Cape Kiwanda – Pacific City, Oregon

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There’s something about the point in a trip, where you leave the ocean behind, and head home.  If you’re like me, you need to take a moment to say goodbye. On this trip, my moment came at Cape Kiwanda.

 

As you head up the coast, you’ll need to turn east on OR Rte. 18 for the drive into Portland.  If you want to do what I did, and visit Cape Kiwanda before leaving the coast, continue up US 101 to the Pacific City/Three Capes Loop turnoff.  Cape Kiwanda isn’t far.

There it is, Haystack Rock, just off the coast of Pacific City.  You can easily access the beach, thanks to a nearby restaurant’s big parking lot.  The beach is somewhat boring near the parking lot, but if you walk to your right…

… you reach the lower end of Cape Kiwanda State Natural Area, complete with a sandy bluff that sticks out into the Pacific.

With a little effort and some good balance, you can climb up the side of the cape, and walk around on top of it.  The drop is steep on either side, and a sign warns you that the laws of gravity will apply.

If you have time, you could walk down into Cape Kiwanda State Natural Recreation area (or you can drive further up the Three Capes Loop, park, and walk down).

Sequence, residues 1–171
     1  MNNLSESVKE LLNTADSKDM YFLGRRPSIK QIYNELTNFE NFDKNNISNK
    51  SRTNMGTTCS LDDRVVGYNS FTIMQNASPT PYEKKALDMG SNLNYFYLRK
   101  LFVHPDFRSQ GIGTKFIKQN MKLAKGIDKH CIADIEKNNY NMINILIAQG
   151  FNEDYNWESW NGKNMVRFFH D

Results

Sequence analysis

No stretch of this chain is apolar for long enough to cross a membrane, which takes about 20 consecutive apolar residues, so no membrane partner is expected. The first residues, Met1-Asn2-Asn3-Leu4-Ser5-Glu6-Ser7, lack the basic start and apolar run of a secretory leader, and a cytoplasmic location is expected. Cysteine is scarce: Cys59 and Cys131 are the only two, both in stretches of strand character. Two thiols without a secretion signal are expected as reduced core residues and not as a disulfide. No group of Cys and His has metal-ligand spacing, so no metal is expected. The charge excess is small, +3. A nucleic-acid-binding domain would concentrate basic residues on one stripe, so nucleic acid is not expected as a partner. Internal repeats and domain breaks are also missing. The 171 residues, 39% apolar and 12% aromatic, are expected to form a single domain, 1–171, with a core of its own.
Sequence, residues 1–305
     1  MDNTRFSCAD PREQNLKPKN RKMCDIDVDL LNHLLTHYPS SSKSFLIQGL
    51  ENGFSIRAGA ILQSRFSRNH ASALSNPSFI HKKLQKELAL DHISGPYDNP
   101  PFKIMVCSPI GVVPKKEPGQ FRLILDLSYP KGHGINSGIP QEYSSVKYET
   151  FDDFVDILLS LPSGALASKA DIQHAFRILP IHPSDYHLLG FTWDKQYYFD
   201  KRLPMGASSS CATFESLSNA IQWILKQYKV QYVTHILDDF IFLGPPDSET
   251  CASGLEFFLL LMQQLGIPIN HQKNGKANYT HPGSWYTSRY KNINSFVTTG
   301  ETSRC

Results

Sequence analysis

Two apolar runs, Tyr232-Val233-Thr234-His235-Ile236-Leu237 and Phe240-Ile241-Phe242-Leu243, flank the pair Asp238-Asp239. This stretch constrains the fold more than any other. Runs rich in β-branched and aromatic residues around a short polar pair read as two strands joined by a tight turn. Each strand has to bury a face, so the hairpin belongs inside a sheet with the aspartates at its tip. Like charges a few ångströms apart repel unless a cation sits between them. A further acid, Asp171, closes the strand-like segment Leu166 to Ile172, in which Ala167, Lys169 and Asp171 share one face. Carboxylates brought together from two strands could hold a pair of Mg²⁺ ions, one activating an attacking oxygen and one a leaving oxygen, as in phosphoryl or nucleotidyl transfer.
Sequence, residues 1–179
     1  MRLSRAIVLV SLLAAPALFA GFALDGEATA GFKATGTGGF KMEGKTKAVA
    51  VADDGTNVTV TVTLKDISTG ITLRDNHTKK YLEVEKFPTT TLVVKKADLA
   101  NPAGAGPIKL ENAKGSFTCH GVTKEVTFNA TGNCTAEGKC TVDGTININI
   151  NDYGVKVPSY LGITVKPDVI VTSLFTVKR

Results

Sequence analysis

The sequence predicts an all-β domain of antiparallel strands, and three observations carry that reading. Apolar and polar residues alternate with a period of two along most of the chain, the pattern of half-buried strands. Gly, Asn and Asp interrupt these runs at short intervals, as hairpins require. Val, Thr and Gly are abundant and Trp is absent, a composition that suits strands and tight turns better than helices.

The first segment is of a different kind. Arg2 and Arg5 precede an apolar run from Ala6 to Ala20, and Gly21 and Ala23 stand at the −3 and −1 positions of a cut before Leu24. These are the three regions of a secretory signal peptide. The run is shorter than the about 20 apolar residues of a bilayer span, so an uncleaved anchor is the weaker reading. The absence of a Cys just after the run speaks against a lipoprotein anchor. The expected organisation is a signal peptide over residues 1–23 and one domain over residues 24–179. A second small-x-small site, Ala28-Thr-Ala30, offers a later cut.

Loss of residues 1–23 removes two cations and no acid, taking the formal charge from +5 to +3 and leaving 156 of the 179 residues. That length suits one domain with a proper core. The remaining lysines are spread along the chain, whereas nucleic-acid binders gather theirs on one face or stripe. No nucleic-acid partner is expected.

I decided to walk out the cape, carefully avoiding the steep cliffs.

Looking to the south, you get quite a view of Pacific City, Oregon.  The parking lot is on the far side of that new condo development, that you see on the left side.  So, at this point, you’re a fair distance away from your car.

I didn’t walk all the way to the top of Cape Kiwanda, because I was in a bit of a hurry, seeing as I had a flight to catch.

I visited Cape Kiwanda on Day 1 of my trip, as I traveled the Three Capes Loop.  You can view that part of the trip by clicking here.

On my way back down US 101, I passed a calm, reflective lake at the side of the road.  It was something I had seen a few dozen times while traveling 101, but this was the first place where there was room to pull off the road.

After wanting to photograph a small lake like this one for the past week, I had found my chance–on the very last day, in the very last hours of the trip!  What are the odds?

So, these were the last pictures I took.  The trip was over, except of course for the drive back to Portland, turning in the rental car, checking in my baggage, and of course, the hours and hours of flying.   But who’s complaining?  At this point of the trip, I just felt incredibly blessed to be where I was, and every moment was important.  That’s the best thing about the final day of a vacation, I think.

I visited Cape Kiwanda again in 2013. You can check out that visit here.

Instead of backtracking all the way down to the Rte. 18/US 101 crossroads, you could take Little Nestucca River Road as a shortcut to Rte. 18.  I do not recommend you do what I did, and take Shinglebolt Road.  It’s signed as a scenic alternative route to US 101, but in reality it’s narrow, winding, and you don’t really see much.  Rte. 18 runs into Rte. 99W, which takes you the rest of the way into Portland.

Note: This trip was first published in 2007.

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